- Learning Objectives
- Introduction and History of Purchasing
- Why Is Purchasing Important?
- How Can the Appropriate Relationships with Suppliers Create Value?
- Purchasing and Supply Management and Return on Investment (ROI)
- Purchasing and Information Technology (IT)
- The Purchasing Process
- Strategic and Tactical Roles of Purchasing
- Types of Purchases
- Conclusion and Chapter Wrap-Up
- Key Terms
Purchasing and Information Technology (IT)
In a later chapter, the use of technology to improve supply operations is discussed. Trending social network sites and other open-sourcing programs make it challenging sometimes to keep up with the many market changes. IT helps purchasing streamline processes, increase information, and obtain access to necessary data.
Many firms purchase business-to-business e-commerce buy-side software systems from firms such as Arriba, Commerce One, and PeopleSoft. These systems help to streamline the purchasing process and facilitate communication internally and externally. Many of these systems also include database technology that provides timely and accurate input to supply management for strategic planning and tactical activities. Chapter 4 is dedicated to supply chain technology, and types of e-sourcing tools and trends are discussed. The relationship between purchasing and IT is changing as quickly as the technology to effectively source products and services.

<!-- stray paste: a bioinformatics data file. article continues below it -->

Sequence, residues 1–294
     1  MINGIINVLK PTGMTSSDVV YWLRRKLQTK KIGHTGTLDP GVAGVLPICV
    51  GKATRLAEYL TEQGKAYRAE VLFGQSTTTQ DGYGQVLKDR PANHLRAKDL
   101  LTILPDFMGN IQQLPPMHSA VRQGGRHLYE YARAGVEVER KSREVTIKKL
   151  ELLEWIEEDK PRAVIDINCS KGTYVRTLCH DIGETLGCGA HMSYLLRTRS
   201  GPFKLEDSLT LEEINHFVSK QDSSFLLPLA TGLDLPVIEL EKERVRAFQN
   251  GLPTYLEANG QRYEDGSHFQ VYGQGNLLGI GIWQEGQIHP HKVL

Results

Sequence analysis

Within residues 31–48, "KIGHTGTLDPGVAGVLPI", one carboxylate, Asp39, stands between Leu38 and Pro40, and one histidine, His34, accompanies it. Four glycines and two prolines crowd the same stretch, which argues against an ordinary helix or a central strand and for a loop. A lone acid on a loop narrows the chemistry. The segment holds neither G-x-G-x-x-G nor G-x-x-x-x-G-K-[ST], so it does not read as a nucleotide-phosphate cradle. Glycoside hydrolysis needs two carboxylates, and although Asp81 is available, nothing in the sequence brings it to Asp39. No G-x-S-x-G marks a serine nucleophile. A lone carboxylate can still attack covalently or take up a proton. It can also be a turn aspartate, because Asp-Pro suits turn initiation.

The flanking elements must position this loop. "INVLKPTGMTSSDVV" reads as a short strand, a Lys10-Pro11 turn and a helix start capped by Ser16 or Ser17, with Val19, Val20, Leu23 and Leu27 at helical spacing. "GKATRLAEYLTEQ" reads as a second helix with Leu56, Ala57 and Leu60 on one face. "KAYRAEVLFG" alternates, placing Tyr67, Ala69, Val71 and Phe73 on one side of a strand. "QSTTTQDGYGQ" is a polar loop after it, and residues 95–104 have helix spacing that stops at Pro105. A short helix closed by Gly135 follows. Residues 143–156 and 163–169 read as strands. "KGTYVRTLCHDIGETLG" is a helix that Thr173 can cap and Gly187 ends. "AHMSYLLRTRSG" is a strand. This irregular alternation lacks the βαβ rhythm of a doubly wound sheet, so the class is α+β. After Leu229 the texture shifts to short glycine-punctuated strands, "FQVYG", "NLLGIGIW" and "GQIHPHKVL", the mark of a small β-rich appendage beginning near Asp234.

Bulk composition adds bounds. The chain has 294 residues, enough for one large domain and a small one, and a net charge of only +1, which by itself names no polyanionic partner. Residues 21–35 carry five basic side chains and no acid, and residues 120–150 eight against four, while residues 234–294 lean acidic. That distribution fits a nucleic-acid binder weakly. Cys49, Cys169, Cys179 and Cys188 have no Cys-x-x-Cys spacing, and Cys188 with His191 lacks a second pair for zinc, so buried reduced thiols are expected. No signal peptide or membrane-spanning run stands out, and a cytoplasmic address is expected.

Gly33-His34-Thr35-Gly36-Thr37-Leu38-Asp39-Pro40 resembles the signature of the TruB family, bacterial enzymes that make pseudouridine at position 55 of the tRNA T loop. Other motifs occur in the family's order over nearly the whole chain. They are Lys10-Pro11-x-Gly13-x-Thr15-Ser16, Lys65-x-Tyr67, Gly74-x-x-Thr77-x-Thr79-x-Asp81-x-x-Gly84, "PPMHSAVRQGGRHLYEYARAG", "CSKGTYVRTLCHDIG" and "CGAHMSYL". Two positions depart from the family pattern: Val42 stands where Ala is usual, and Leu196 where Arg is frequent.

Purchasing and Logistics
Logistics is concerned with the movement of goods, sometimes both inbound and outbound, to the organization. Usually, it controls outbound only. The logistics professionals design and manage a firm’s distribution system, which consists of warehouses, distribution points, and freight carriers. In some organizations, purchasing plays a dominant role in sourcing and pricing of logistics services. In others, the logistics department performs these services with little or no supply management involvement.
Generally, the sourcing and logistics roles are not linked. This is primarily because warehouse management and transportation management systems are generally not linked to e-sourcing tools. Also, the transportation aspect is performed at the plant or facility level, whereas sourcing is often centralized at a more corporate level. There is also a lot of price volatility in the transportation industry, which requires a different type of skillset to manage and to measure supplier performance.
The primary idea in the linkage between sourcing and logistics is that whoever does the sourcing should use professional purchasing practices. This is a growing area of opportunity for collaboration and cost-savings. Many organizations have set their sights on improving their transportation spend and, as mentioned earlier, reducing their carbon footprint in the transportation area.
Purchasing and Legal
Legal professionals are frequently involved in contract negotiations and contract formation. They review and approve contracts developed by the purchasing professional. However, there is often little collaboration on working with the firm’s legal suppliers.
As with the logistics area, these intra-organizational relationships vary within the area of services spend as indicated in the following case in point. This variation is often due to budget ownership of the service. For example, marketing and advertising spend is usually owned by the marketing area. The involvement of purchasing is often nonexistent or minimal in an area of spend that is potentially a significant portion of the organization’s overall expenses.